Now that the 2016-17 NBA regular season is over with and the Western Conference standings are set, we can finally turn our attention to the postseason.
For the third season in a row, the Warriors enter the playoffs with the best record in the NBA. They are the overwhelming favorites to beat a Trail Blazers team in the first round that scrapped and clawed their way to the No. 8 seed. Damian Lillard and C.J. McCollum are having their best seasons yet, but they don’t have quite enough firepower to take down a Warriors team featuring Stephen Curry, Klay Thompson, Draymond Green and Kevin Durant.
The rest of the Western Conference isn’t as easy to predict. The Spurs finished the season with 61 wins and have an MVP candidate on their roster, but they have a history with the Grizzlies that hasn’t always worked in their favor. It’s a similar case for the Clippers, who started the season on fire only tofind themselves trying to answer the same old questions by the season’s end. It doesn’t help that the Jazz match up with them as well as any other team in the league. And then there’s the Rockets and Thunder, which has all the makings of a classic given how James Harden and Russell Westbrook performed this season.
With so much up in the air, let’s take a look at one key factor in each series, ranging from Chris Paul’s pull-up 3-pointer to the Warriors’ stingy perimeter defense.
(Deciding factors for the East bracket can be found here.)
NBA playoff bracket
The Jazz need an answer to Chris Paul’s pull-up 3-pointer
Rudy Gobert emerged as the best rim protector in the NBA this season. Not only did he lead the league with 2.6 blocks per game, he also defended the most shots at the basket. He allowed opponents to shoot 43.9 percent when they got there, according to NBA.com, which was a number only Green, Kristaps Porzingis, LaMarcus Aldridge, Joel Embiid and Dewayne Dedmon could come close to matching.
That’s why Paul’s pick-and-roll prowess will be the key to the Clippers winning the series. It’s not that Gobert can’t wreak havoc outside of the paint, but Paul has the potential to draw him out of the paint more often than he’d like. To put into perspective how good Paul is in the pick-and-roll, 44.7 percent of his points came as the ball handler this season, and he ranked in the 83.3 percentile with 0.96 points per possession. Much of his success in that department has to do with his pull-up — only Westbrook scored more points per game off of pull-ups and Paul knocked down 46.1 percent of his attempts.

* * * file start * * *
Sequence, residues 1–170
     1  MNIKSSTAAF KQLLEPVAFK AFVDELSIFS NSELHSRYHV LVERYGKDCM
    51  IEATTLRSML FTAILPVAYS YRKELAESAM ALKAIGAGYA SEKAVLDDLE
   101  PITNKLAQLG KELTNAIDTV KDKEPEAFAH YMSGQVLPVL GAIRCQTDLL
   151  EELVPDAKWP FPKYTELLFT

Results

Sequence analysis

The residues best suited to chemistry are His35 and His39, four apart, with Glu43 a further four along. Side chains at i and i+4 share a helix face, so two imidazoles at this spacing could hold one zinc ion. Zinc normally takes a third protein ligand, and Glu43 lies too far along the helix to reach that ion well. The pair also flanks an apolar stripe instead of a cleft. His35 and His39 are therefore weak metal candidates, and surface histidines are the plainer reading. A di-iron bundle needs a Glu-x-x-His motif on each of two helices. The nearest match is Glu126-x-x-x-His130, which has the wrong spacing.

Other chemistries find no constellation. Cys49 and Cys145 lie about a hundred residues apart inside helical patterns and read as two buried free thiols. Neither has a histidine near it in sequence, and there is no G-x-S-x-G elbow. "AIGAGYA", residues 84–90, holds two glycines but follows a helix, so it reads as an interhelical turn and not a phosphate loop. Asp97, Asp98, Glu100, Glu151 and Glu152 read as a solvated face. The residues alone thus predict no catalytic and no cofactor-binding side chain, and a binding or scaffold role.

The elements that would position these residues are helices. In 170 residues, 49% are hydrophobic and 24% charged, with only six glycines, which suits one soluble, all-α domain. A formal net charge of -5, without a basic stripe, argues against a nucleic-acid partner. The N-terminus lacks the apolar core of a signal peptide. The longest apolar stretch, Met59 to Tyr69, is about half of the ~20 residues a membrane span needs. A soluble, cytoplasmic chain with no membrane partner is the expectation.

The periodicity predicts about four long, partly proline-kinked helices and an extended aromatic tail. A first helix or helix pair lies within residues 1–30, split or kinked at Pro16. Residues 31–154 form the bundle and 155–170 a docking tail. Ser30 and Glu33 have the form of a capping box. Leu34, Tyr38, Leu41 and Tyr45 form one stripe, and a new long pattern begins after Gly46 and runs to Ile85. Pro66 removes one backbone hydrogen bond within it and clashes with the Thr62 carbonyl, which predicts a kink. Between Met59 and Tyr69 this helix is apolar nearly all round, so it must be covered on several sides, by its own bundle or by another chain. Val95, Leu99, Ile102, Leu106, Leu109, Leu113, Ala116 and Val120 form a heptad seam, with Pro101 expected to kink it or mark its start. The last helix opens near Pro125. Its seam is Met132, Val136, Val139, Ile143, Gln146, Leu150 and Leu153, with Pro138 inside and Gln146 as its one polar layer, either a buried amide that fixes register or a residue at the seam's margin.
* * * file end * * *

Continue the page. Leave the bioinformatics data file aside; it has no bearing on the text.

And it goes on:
With the way the Jazz guard pick-and-rolls, Paul will have opportunities to pull-up from midrange and the perimeter if DeAndre Jordan and Blake Griffin set screens for him beyond the 3-point line.
We’ve seen those screens used for Stephen Curry and Damian Lillard in the past. Even though Paul didn’t shoot as many pull-up 3-pointers as them on the season, he made 39.1 percent of those opportunities. Of the 27 players who attempted at least 2.0 pull-up 3-pointers per game this season, only Kyle Lowry (42.1 percent), Eric Gordon (40.5 percent) and CJ McCollum (42.9 percent) made then at a higher rate . If Paul looks for his shot more than he does in the regular season, it could crack one of the best defenses — and one of the best defenders — in the NBA.
The Rockets need an answer to Russell Westbrook in transition
Westbrook is a one-man wrecking crew in transition. He led the NBA this season with 6.8 transition opportunities per game, and he turned those opportunities into 6.7 transition points per game. It made up for 20.2 percent of his offense in total, which played a big role in the Thunder scoring more points than all but five teamson the fast break: Wizards, Cavaliers, Rockets, Suns and Warriors.
As Chris Herring of FiveThirtyEight pointed out, there are pros and cons to the way Westbrook pushes the ball in transition. The Thunder are the quickest team in the NBA at getting off shots after a turnover, and they rank fifthin the NBA with their average possession lasting 11.5 second after a defensive rebound, according to Inpredictable. The problem is the Thunder also rank 21st in points per possession following a defensive rebound and 28th in points per possession following a turnover. That’s largely because Westbrook ranks in the 31.2 percentile himself in transition efficiency with 0.99 points per possession.